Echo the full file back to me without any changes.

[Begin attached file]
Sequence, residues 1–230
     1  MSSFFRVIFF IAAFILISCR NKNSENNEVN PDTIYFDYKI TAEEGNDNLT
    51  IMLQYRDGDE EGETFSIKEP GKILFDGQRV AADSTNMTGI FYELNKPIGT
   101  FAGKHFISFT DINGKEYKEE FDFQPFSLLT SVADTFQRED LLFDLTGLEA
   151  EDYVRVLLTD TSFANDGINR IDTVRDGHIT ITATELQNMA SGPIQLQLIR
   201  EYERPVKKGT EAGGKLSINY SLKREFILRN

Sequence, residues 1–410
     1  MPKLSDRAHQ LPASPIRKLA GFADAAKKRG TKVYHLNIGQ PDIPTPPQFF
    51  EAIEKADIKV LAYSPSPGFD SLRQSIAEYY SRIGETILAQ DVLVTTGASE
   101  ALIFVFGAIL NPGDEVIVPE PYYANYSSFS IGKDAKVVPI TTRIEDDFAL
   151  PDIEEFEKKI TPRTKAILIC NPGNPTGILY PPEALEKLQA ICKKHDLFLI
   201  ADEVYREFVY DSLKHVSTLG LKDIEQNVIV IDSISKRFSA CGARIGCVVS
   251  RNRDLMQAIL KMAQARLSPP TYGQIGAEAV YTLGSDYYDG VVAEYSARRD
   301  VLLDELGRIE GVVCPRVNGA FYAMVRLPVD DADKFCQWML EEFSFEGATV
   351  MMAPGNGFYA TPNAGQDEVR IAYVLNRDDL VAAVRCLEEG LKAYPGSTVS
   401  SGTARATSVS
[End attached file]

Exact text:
Sequence, residues 1–230
     1  MSSFFRVIFF IAAFILISCR NKNSENNEVN PDTIYFDYKI TAEEGNDNLT
    51  IMLQYRDGDE EGETFSIKEP GKILFDGQRV AADSTNMTGI FYELNKPIGT
   101  FAGKHFISFT DINGKEYKEE FDFQPFSLLT SVADTFQRED LLFDLTGLEA
   151  EDYVRVLLTD TSFANDGINR IDTVRDGHIT ITATELQNMA SGPIQLQLIR
   201  EYERPVKKGT EAGGKLSINY SLKREFILRN

Sequence, residues 1–410
     1  MPKLSDRAHQ LPASPIRKLA GFADAAKKRG TKVYHLNIGQ PDIPTPPQFF
    51  EAIEKADIKV LAYSPSPGFD SLRQSIAEYY SRIGETILAQ DVLVTTGASE
   101  ALIFVFGAIL NPGDEVIVPE PYYANYSSFS IGKDAKVVPI TTRIEDDFAL
   151  PDIEEFEKKI TPRTKAILIC NPGNPTGILY PPEALEKLQA ICKKHDLFLI
   201  ADEVYREFVY DSLKHVSTLG LKDIEQNVIV IDSISKRFSA CGARIGCVVS
   251  RNRDLMQAIL KMAQARLSPP TYGQIGAEAV YTLGSDYYDG VVAEYSARRD
   301  VLLDELGRIE GVVCPRVNGA FYAMVRLPVD DADKFCQWML EEFSFEGATV
   351  MMAPGNGFYA TPNAGQDEVR IAYVLNRDDL VAAVRCLEEG LKAYPGSTVS
   401  SGTARATSVS